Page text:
As I designed my Libraries, I found it much easier once I understood that I was designing to meet two needs: storage & retrieval, and development. It is also crucial that you understand all of Aperture's containers thoroughly (much of your confusion may spring from not understanding Projects, Folders, and Albums).
I my experience, there are no shortcuts to good design. If you don't have the time to learn, stick to "One Project = One Shoot" and just create Albums for each output project (small "p") that you have. You can organize your Projects and Albums with Folders.
Message was edited by: Kirby Krieger
What Kirby said, and follow the links he listed to peruse his excellent detailed explanations.
Back up originals on external drives prior to import into Aperture or any other images app. I cannot overstate how important that is, and various manuals, texts, etc. present workflows that skip that critical step.
I strongly recommend developing a rigidly followed routine like this one:
• Create a new empty folder on a hard drive. Name the folder appropriately for the camera image files that you intend to store there. Something date-based plus a name IMO is good: e.g. "20110530_Jones_Wed_mstrs." In database nomenclature 20110530 is today. In my workflow I use "110530_1238_Jones_Wed_mstrs," where 1238 is the Job Number.
In the event of multiple different projects (small "p" as differentiated from a specific Project in Aperture) on the same camera card I break out and label the different projects during this copy-to-hard-drive-folder process.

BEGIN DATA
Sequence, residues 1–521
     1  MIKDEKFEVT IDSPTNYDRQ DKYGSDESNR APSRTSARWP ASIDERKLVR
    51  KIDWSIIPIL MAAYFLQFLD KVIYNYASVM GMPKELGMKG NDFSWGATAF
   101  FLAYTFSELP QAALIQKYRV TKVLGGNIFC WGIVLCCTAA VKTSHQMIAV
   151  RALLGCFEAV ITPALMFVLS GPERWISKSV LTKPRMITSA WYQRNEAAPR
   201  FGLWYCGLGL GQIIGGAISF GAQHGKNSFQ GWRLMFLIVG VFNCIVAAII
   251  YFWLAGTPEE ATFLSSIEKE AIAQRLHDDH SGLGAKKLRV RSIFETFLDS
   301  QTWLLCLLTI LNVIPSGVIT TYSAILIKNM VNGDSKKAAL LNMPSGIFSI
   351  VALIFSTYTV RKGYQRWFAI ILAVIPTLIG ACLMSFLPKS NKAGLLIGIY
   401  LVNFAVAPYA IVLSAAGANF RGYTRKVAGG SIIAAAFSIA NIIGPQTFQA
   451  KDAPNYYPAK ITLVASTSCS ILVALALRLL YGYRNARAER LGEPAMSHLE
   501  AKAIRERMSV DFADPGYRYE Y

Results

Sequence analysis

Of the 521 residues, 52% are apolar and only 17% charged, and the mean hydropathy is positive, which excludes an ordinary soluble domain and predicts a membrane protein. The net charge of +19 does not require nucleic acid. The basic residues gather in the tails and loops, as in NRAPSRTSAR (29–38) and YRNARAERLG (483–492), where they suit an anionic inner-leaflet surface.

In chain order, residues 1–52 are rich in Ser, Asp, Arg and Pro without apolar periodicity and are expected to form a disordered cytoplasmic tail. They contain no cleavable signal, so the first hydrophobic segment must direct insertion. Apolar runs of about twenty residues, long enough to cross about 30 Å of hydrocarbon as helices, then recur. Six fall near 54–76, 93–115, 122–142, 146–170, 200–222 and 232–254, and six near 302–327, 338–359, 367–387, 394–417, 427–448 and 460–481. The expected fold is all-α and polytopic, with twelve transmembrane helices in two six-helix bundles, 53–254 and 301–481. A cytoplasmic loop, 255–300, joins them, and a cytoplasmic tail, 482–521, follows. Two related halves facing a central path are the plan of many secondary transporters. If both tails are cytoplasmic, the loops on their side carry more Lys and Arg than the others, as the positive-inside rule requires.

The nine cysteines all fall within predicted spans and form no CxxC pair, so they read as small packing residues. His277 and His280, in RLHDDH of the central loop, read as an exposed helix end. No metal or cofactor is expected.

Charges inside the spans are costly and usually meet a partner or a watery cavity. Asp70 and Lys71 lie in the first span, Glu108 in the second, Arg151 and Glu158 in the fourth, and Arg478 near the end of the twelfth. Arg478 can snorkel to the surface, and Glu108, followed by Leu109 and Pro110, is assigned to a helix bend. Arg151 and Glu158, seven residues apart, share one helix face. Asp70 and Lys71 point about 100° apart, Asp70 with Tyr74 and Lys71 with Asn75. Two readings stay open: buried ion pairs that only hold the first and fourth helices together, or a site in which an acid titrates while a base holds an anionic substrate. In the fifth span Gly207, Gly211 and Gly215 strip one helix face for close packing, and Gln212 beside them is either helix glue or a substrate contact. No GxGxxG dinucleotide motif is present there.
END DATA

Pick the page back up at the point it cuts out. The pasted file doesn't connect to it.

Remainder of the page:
• Copy your originals from camera card to that folder then eject but do not erase the camera card.
• Back up that folder on to another hard drive.
• Review the contents of the (identical) folders on both hard drives to see that they have all the image files copied properly.
• Reformat the camera card in-camera (never in-computer) if you will immediately be using it.
In my case I have plenty of large CF cards so I store cards in a card wallet labeled "Save cards stored face down, store cards to be Erased face up." If for some reason I have not made the requisite two different-drive copysets described above the camera card gets stored face down, and is not reused until two different-drive copysets exist.
Note that there has been no usage of Aperture or any other images management program (except the Mac OS X Finder) up to this point.
Finally we involve Aperture:
You can import each folder into Aperture as a separate Aperture Project to fully stay within Aperture's natural flow. I recommend it.
Masters are your original images, never changed by Aperture. When you make edits Aperture records the changes and Master+Edits=Versions.
An Album is just a collection of pointers to Versions, so Albums can be created and discarded at will, changing nothing and taking up negligible space. Very powerful tool. Albums are often created by searching on Key Words, another very powerful tool.
Also back up the Aperture Library using Aperture's Vaults, which are designed for that purpose.